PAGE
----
• Highly toxic substances

EH&S should be notified whenever a highly toxic substance spill occurs. Also, personnel in the area should be notified. Consult the Material Safety Data Sheet (MSDS) for appropriate or recommended cleanup procedures and consult with appropriate EH&S staff for assistance and/or additional information.

Appropriate personal protective equipment such as gloves, lab coats, goggles, aprons and if necessary, shoe coverings should be worn during any spill clean up event. Depending on the substance spilled, a respirator may be necessary. Individuals requiring the use of respirators must by regulation undergo special training and obtain medical clearance prior to respirator use. Contact EH&S at 646-3327 for more information.




In the event of a large chemical release (a volume which exceeds the capacity of a standard cleanup kit), a situation which may be immediately dangerous to life and health, or where the readily available personal protective equipment (PPE) is inadequate to ensure worker safety, the following measures must be followed:

  • Notify other personnel about the spill and evacuate the area. In case of injury or exposure, immediately attempt to remove or protect victim(s) immediately if this can be done without risk of injury or contamination, if need request help  .

  • Move to a safe area and dial 911 to report the emergency.

  • If the danger could or does involve the area beyond the spill or room,

    • pull fire alarm (or safety alarms if applicable).
    • evacuate the building and secure entrances.
  • The NMSU Fire Section will respond to all chemical emergencies at NMSU



If hazardous or regulated materials are spilled outside of buildings or unintentionally released to the environment via a sewer or fume hood:

  • Contact EH&S at 646-3327 to determine if the chemical release is subject to special regulatory reporting requirements.

  • Be prepared to provide the

    • name of the chemical(s) involved,
    • quantities released and
    • approximate time of the incident.
  • EH&S will contact the appropriate regulatory agencies and initiate reporting if necessary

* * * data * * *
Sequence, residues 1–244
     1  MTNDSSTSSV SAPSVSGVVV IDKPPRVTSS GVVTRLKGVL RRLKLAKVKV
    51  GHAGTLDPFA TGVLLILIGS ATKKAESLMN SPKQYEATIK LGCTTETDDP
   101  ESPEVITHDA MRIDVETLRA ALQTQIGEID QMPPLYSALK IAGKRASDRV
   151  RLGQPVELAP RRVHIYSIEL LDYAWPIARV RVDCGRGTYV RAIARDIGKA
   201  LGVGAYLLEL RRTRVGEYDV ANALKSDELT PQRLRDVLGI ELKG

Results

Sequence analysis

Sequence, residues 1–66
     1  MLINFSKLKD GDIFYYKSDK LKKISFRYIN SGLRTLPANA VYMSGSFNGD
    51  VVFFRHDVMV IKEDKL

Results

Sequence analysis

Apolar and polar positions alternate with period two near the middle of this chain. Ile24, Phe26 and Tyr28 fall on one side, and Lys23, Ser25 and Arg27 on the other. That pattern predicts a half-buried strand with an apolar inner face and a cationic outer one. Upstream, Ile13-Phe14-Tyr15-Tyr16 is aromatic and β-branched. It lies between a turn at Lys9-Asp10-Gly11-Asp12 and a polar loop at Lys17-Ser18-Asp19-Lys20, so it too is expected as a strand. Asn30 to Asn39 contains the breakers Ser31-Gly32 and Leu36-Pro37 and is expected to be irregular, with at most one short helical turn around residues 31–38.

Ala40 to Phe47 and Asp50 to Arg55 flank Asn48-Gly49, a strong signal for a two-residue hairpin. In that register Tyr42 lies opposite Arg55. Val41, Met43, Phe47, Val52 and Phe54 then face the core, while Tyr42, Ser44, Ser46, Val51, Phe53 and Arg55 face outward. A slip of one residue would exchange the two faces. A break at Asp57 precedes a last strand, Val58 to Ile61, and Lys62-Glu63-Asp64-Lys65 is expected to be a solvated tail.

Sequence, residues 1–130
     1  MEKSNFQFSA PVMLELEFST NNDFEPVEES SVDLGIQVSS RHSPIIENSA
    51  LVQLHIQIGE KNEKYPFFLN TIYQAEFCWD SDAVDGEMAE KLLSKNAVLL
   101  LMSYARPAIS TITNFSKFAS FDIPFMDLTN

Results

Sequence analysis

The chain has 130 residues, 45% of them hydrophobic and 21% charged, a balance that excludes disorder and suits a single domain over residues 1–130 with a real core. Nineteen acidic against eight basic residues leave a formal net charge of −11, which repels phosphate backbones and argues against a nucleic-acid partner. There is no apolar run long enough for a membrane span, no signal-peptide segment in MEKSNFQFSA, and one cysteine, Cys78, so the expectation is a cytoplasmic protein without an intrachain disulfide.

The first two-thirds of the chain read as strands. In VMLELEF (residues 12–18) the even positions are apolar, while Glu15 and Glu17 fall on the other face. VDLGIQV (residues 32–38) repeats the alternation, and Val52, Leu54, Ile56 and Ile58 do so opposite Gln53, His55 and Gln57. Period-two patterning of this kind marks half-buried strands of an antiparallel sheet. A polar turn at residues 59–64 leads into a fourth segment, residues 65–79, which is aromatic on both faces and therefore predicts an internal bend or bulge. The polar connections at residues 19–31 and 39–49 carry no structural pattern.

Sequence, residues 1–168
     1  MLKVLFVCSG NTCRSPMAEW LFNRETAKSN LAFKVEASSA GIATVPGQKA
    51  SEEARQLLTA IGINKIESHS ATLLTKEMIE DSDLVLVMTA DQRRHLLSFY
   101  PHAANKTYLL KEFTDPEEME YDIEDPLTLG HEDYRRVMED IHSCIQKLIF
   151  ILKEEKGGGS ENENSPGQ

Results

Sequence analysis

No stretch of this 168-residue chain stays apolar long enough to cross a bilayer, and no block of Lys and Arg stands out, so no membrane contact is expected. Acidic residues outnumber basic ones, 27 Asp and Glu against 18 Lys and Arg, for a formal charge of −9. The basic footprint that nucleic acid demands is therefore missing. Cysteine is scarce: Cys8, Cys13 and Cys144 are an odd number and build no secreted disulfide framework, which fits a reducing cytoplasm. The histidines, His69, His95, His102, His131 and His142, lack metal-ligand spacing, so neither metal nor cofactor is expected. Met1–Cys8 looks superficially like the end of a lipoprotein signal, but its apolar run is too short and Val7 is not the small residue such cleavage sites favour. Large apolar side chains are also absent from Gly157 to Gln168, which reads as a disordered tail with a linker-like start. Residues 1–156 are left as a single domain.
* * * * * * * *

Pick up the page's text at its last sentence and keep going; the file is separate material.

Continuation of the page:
Because metallic mercury (Hg) is widely used in laboratory instruments and mercury compounds are used in many laboratory experiments, it is one of the most frequently spilled materials. Mercury must be used and handled with care since it is a subtle poison with cumulative effects not easily reversed.

Metallic mercury and its compounds can be absorbed into the body by inhalation, ingestion or contact with the skin. If spills are frequent and mercury is added to the ambient air level, the combined concentration may reach or exceed toxic limits.  The appendices includes a list of common mercury compounds.

EH&S provides mercury spill cleanup and offers assistance in ensuring a safe environment whenever spills of acutely toxic substances are involved. This assistance may include but is not limited to initial entry with self-contained breathing apparatus, pre-entry monitoring, post-clean up monitoring, etc.   EH&S is to be notified in all spill involving Mercury or other highly toxic materials.  Also see Emergency action spill procedures for Mercury



Mercury spills can be avoided by using supplies and equipment which do not contain mercury. EH&S  recommends that all researchers seek alternatives to mercury use. However, if mercury or mercury-containing equipment must be used, proper handling is essential to preventing spills and maintaining a healthful working environment. Use the following guidelines when handling mercury:

  • Keep mercury containers closed and stored in secondary containers in a well-ventilated area.

  • Transfer mercury from one container to another in a hood over a tray or pan to confine any spills.

  • Provide mercury manometers and other mercury containing equipment with spill control and containment devices such as trays or pans.

  • Move instruments or apparatus containing mercury in an enameled or plastic tray or pan that can be cleaned easily and is large enough to contain the mercury.



Every effort should be made to prevent spills of metallic mercury since the substance is extremely difficult and time consuming to clean up. Globules can get into cracks and crevices, under table legs, under and into equipment. When a spill does occur, the following procedures are to be used. 


  • Notify people in the immediate area that a mercury spill has occurred and isolate the area to avoid more extensive contamination by tracking.
  • If the spill occurred on the floor, determine the extent of the area and mark the boundary of the spill.
  • Call the EH&S office for cleanup and removal. It is preferred that the lab or spill area be evacuated until the spill is removed.
  • Always thoroughly wash hands, arms and face several times after working around mercury areas.

EH&S Cleanup Procedure

  • EH&S has a mercury vacuum cleaner for larger spills such as those involving a manometer or larger instrument. Do not use a standard vacuum cleaner to pick up mercury.
  • The preferred method of spill cleanup is to collect the mercury because elemental mercury can be recycled. Push pools and globules of mercury together and collect by suction using an aspirator bulb or a vacuum device made from a filtering flask, a rubber stopper and several pieces of flexible glass tubing.
  • The use of mercury sponges, sulfur powder or zinc powder to clean up spills is discouraged. Amalgamated mercury cannot be recycled and is expensive to dispose of.
  • Metallic mercury from spills, broken thermometers or other equipment, and contaminated mercury from laboratory activities should be contained in thick-walled, high-density polyethylene bottles.  Place any discarded rags, sponges, shoe covers and other debris from cleanup activities in a sealed plastic bag for pick up by EH&S .
  • After the cleanup of a spill involving a significant quantity of mercury, EH&S will monitor the area and cleanup operation with a mercury-vapor analyzer.